Complex Regional Pain Syndrome (CRPS) is a condition in which nerve impulses are are sent to one site on the body, usually a limb or extremity, causing extreme pain, redness, swelling and changes in hair/nail growth and temperature of the affected site. Symptoms usually start near an injury and can spread throughout the affected limb and even to the opposing extremity.
1. Reflex Sympathetic Dystrophy (RSD) – Type I
2. Causalgia – Type II
While CRPS is not well understood, RSD generally develops after a minor injury or bone fracture. Causalgia stems from a more serious injury to a major peripheral nerve. Both have also been known to develop after surgery. According to The McLarty Firm, attorneys in Dallas whose Mary Alice McLarty has handled lawsuits involving CRPS, patients often can’t remember the accident or event that spawned this debilitating condition.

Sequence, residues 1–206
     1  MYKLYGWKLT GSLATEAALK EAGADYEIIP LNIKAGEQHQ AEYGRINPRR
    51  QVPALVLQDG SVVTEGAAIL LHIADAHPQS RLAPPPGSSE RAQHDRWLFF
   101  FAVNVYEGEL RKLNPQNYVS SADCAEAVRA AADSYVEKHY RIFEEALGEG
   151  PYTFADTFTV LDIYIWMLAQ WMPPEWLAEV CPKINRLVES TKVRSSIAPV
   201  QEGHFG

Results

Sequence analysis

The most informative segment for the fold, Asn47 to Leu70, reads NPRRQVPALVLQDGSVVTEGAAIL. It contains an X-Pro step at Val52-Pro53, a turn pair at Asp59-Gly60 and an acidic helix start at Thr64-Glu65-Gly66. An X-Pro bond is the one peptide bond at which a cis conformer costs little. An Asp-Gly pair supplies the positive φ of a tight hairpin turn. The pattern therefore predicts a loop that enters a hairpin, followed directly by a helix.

CRPS cannot be diagnosed with one specific test. Instead, tests can be done to rule out other diagnoses. Diagnosis of CRPS is made by observation and can be especially hard early in the onset of the condition since specific symptoms may be mild or not readily obvious.
CRPS has no cure, so once the condition has been pinpointed, doctors use a variety of treatments and management tools to attempt to reduce the pain. Among the common treatments are physical and occupational therapy and treatment with a variety of drugs ranging from topical analgesics to prescription anti-depressants.